Upon arriving at Majdanek, the men and women were separated. Pinchas was forced to one side with his father while his mother and sister were forced to go in a different direction. This would be the last time Pinchas would see his mother and little sister ever again. Pinchas and his father, along with all the other men, were forced into changing rooms and ordered to undress. The Germans then proceeded to chase the men out of the dressing room. Due to the commotion and crowding, Pinchas and his father were separated. It was in that dressing room that Pinchas would see his father for the last time.
While living in a designated barrack, Pinchas tried to stay busy, but the barrack chiefs frequently beat and abused anyone they wanted to. Food was scarcely provided, but a few Dutch Jews working in the kitchen were able to sneak Pinchas a few extra rations.
One day, a Nazi guard came into Pinchas barrack requesting electricians and builders. Although Pinchas had no experience in those fields, he decided to go along with the guard. Pinchas, along with another group of boys, was taken into another barrack and underwent another medical exam. Those who passed the exam were given a different uniform and food. They were then dumped into a train and were taken to an ammunition factory.
Pinchas found a job exploding old ammunitions, which was done to gather gun powder. Sometime around the summer of 1994, as the war was nearing its end, the Germans started evacuating camps. It was announced that there would be a selection where some people would be taken away by rail carts and others would be going by foot. Pinchas ended up not being chosen in the selection due to the help of an older friend who had helped Pinchas look healthier than he was.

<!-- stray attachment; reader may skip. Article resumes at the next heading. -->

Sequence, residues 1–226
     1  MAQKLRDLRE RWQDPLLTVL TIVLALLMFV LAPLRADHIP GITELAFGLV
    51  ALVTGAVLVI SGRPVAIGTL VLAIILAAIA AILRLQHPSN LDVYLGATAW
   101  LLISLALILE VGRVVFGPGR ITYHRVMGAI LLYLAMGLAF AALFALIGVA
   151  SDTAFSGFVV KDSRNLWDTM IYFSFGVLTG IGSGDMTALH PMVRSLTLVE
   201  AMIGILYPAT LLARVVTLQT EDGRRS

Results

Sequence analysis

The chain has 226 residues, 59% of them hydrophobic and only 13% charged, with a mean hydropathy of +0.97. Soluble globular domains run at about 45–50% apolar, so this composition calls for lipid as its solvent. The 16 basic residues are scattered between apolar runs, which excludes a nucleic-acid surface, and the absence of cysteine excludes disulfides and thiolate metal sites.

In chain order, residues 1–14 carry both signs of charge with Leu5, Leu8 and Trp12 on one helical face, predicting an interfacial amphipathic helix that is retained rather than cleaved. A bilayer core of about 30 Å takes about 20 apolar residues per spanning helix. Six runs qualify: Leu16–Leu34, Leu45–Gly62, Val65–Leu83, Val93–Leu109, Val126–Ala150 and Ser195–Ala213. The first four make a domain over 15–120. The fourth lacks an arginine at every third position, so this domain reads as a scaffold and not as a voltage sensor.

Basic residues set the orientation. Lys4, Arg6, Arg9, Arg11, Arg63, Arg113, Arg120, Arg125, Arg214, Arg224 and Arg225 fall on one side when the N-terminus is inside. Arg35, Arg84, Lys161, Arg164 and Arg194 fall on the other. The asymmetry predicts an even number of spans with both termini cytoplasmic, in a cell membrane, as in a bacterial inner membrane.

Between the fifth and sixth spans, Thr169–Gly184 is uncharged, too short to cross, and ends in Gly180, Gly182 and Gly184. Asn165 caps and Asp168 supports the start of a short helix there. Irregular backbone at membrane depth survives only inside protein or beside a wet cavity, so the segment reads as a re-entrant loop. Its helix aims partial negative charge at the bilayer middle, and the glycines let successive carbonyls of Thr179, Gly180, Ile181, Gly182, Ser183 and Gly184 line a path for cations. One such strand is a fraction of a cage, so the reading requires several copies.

After surviving the selection, Pinchas was taken to another work factory. However, as the Russians advanced further, Pinchas was once again forced into a train. This train brought Pinchas to Buchenwald concentration camp. In Buchenwald, Pinchas had to live off raw potatoes and the occasional morsel of bread, which was usually shared among 10-18 people. Fortunately, Pinchas was sent to work in the kitchen, where he was able to sneak small amounts of food to sustain himself.
By April of 1945, Pinchas was sent on a death march from Germany to Theresienstadt in Czechoslovakia. Occasionally, when walking through cities, civilian populations would attack them. Other times, out of pity, some civilians threw food out their windows when they saw the prisoners. However, the German guards would frequently take the food and shoot at the window of the person who dared to offer some form of aid.
A few weeks after arriving in Theresienstadt, Pinchas was finally liberated on May 8, 1945. Now free, Pinchas had survived six Nazi concentration camps. With the help of the United Nations Relief and Rehabilitation Administration, Pinchas was taken to Britain with other children for rehabilitation. He stayed in England for three years before moving to multiple other countries including, France, Israel, and South Africa. In 1985, Pinchas immigrated to Canada with his wife and children. In Canada, Pinchas continues to devote his time to educating people about the Holocaust, volunteering as a chaplain, and working as an honorary full-time Cantor in the Kiever Shul.
His hologram tells his story through Illinois Holocaust Museum’s Abe & Ida Cooper Survivor Stories Experience.